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Re: SRFI 10
Per Bothner scripsit:
> Two complications: For good and ill, SRFI 10 creates the object at
> read time, which means it can be returned by the read procedure.
That's true. But as it says at the end of the SRFI 10 "Specification"
This SRFI does not specify how the Scheme reader interprets a
specific <hash-comma-datum> and creates the corresponding Scheme
value. This is left to particular SRFIs. The behavior of the
reader when it fails to interpret a #,() form is also unspecified.
In particular, I am proposing that in an implementation that supports
SRFI 108, the objects created by SRFI 10 syntax are lists whose car
is `$quasi-value$` (or whatever, depending on other mail threads).
This is a formally correct and very useful object to create. There is
no requirement for SRFI 10 to create a "final" object.
> So one possibility is that *if* $quasi-value-transformer$:foo exists
> in the read-type dynamic environment, is bound to the function,
I think it is a serious mistake to compromise layering in this way. This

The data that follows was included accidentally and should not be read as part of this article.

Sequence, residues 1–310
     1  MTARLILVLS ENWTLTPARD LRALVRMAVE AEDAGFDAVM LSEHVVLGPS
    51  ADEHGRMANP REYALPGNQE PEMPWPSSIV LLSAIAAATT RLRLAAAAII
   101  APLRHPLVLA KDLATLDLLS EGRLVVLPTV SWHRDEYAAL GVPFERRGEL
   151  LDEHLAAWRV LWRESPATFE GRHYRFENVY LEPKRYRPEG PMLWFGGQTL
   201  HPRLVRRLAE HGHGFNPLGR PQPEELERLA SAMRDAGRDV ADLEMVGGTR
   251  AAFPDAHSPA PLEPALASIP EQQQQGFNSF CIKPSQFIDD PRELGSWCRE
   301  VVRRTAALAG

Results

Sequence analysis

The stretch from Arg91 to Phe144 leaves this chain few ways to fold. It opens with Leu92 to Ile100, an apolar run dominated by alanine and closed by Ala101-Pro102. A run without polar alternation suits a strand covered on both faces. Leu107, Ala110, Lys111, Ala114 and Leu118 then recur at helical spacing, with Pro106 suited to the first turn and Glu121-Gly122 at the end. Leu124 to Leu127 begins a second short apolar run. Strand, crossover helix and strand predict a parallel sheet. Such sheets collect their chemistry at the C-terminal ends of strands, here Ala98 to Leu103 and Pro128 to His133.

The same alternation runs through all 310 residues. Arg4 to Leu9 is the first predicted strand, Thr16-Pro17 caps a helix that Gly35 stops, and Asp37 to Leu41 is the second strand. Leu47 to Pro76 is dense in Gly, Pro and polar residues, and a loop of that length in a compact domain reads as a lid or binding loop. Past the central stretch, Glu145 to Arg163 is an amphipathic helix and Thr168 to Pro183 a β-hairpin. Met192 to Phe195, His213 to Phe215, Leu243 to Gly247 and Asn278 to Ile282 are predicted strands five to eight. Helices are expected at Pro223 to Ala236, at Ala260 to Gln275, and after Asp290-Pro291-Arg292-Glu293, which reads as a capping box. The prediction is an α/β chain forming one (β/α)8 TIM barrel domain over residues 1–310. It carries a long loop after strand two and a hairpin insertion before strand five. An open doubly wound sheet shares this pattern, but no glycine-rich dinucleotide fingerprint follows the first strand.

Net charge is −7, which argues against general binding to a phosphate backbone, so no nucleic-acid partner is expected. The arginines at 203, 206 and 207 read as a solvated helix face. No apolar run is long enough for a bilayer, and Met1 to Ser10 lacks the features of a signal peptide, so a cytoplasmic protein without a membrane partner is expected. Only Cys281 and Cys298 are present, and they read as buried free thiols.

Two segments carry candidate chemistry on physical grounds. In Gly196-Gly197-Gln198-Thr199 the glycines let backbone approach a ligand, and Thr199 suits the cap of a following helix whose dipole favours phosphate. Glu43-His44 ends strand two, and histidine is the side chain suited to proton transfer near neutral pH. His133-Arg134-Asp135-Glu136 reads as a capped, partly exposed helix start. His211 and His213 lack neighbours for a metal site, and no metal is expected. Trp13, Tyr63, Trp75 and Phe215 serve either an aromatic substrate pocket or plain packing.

lexical syntax, like that of SRFI 107, or for that matter the standard
quote, backquote, comma, and comma-at, should desugar to a corresponding
S-expression without regard to whether the names it introduces are defined
anywhere or by anybody. In particular, when a compiled program calls
(read) it should be able to process these things without regard to what
names were defined in the program before it was compiled.
> *and* all the arguments are literal (i.e. self-evaluating objects,
> or (quote xxx) forms),
The arguments need not be self-evaluating, because the "Implementation"
section of SRFI 10 makes it clear that they are passed to the transformer
as if by `apply`, that is, unevaluated.
> I'm nervous about this as the default. One problem is that the
> reader can't know (easily) if an overriding different mapping for
> $quasi-value-transformer$:foo will be defined at expansion time,
> perhaps by importing a library.
As I say, I think it need not and in fact should not know. If the
appropriate name is not defined, the interpreter or compiler can complain
in the usual way, just as if you used `'foo` in a scope where `quote`
is not defined. (Such scopes don't normally occur, of course).
John Cowan cowan@xxxxxxxx http://ccil.org/~cowan
The present impossibility of giving a scientific explanation is no proof
that there is no scientific explanation. The unexplained is not to be
identified with the unexplainable, and the strange and extraordinary
nature of a fact is not a justification for attributing it to powers
above nature. --The Catholic Encyclopedia, s.v. "telepathy" (1913)